“What he has done is improve the academic quality of the university, overall, to an incredible degree,” said Suarez, who has taught at the school since 1991. “I think he transformed the university. He has not been just a good president: He has been an extraordinary one.”
Msgr. Kevin Irwin, dean of theology and religious studies, referred to Father O’Connell’s leadership as “encouraging, insightful and respectful” and noted how focused Father O’Connell was on making sure others noticed the Catholic part of Catholic University’s name.
“From the beginning, Father [O’Connell] wanted to make sure that he emphasized the Catholic in Catholic University of America,” said Msgr. Irwin. “So, Catholic identity, Catholic mission, a Catholic way of looking at the world: That is very much what he has done, and he has re-instilled the values of being a Catholic university.”
From a former student’s perspective, the university will miss someone who related well to the students.
“If you walked with Father through campus, he would know one out of five people and say hello to them by name,” said David Pennington, who graduated in 2007. “What the university will miss the most about him is his availability, his presence and his sense of humor.”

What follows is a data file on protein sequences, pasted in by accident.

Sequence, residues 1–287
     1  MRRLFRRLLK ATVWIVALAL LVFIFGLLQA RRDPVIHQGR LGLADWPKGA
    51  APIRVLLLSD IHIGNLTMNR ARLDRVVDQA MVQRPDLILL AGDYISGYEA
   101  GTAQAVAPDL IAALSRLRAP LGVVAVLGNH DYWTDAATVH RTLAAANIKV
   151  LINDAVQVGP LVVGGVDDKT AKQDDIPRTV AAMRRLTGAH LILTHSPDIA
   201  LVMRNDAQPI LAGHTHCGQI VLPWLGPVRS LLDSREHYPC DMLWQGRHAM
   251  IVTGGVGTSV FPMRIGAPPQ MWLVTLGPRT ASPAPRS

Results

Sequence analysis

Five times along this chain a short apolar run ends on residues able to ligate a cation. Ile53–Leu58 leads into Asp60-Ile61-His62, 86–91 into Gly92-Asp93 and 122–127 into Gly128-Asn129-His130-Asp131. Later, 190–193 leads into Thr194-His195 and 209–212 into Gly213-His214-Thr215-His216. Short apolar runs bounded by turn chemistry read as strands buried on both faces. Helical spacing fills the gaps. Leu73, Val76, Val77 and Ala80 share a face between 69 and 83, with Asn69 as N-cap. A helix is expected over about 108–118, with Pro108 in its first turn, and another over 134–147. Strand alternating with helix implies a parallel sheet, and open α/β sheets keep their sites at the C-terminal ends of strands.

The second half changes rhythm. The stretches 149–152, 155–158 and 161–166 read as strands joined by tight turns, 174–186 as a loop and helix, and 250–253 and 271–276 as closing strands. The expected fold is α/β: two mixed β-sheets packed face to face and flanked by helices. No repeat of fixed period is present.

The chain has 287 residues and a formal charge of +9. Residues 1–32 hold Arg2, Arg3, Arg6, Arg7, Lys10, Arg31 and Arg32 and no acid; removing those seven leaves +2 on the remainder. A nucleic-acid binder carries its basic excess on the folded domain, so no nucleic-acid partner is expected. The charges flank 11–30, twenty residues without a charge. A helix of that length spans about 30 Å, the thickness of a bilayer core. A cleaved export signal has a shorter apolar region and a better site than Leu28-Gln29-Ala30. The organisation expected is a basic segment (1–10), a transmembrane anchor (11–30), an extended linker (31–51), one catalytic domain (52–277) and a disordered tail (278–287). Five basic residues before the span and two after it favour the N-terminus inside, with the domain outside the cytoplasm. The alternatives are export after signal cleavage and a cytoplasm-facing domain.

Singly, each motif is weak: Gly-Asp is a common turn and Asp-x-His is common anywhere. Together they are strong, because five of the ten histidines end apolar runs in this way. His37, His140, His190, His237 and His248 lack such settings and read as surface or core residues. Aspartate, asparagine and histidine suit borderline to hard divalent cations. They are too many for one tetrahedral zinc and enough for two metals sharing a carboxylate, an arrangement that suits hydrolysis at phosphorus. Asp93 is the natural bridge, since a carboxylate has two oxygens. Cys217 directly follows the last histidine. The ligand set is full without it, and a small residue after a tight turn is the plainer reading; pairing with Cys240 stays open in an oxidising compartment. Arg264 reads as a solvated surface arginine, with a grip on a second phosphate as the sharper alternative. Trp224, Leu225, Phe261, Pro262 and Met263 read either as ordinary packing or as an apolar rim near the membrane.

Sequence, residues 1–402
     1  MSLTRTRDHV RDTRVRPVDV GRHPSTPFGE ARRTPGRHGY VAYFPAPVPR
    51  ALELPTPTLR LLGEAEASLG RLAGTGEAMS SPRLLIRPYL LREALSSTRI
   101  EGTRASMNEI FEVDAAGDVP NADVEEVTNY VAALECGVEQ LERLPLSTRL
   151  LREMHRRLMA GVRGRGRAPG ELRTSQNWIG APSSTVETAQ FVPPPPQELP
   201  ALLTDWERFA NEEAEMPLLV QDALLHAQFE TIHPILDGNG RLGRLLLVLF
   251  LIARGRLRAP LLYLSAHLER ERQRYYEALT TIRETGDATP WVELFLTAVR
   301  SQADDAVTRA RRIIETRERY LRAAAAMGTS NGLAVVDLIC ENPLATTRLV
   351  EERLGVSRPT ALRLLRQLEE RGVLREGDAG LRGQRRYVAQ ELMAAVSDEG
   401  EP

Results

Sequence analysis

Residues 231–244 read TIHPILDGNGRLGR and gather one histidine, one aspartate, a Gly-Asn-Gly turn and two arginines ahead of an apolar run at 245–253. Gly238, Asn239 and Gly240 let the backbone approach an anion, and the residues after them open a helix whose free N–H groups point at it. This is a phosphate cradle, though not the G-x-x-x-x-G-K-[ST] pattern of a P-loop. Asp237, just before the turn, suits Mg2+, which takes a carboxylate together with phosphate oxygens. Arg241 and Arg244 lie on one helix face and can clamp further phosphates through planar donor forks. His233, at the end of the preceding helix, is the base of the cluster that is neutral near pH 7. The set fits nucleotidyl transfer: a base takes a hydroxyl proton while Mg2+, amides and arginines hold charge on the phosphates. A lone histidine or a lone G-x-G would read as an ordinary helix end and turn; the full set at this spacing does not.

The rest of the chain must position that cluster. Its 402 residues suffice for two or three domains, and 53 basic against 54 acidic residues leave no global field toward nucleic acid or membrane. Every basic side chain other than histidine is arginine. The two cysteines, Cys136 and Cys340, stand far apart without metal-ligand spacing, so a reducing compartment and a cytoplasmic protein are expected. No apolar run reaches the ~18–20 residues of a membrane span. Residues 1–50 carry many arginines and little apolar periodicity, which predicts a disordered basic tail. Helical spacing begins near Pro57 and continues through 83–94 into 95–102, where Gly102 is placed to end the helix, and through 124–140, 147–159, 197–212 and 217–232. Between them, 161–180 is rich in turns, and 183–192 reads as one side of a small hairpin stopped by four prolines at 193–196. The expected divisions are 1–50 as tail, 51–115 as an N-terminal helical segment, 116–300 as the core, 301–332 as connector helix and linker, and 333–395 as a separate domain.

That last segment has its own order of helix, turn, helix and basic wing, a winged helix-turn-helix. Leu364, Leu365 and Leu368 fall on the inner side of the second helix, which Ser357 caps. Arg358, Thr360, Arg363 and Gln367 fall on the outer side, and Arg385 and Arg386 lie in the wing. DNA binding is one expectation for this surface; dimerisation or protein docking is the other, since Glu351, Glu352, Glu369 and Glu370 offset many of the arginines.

In looking back at his years at the university, Father O’Connell said his favorite anecdote occurred during Pope Benedict XVI’s visit to the campus to give a speech to educators in April 2008. He and the Holy Father were riding an elevator together right before the speech, and Father O’Connell said the Pope turned to him and said, “I know what you’ve done here at this university, and you have made it a great university, a Catholic university, and the Church is grateful.”
Father O’Connell continued: “In those moments, I said to myself, ‘All the effort, all the tension at times, sometimes the arguments and the resistance, sometimes a little discouragement, other times a sense of success and moving forward’ — all of that kind of came together in that remark and said to me, ‘Whatever sacrifice was involved in this, serving in this position was worth it.’”
Carlos Briceño writes
from Naperville, Illinois.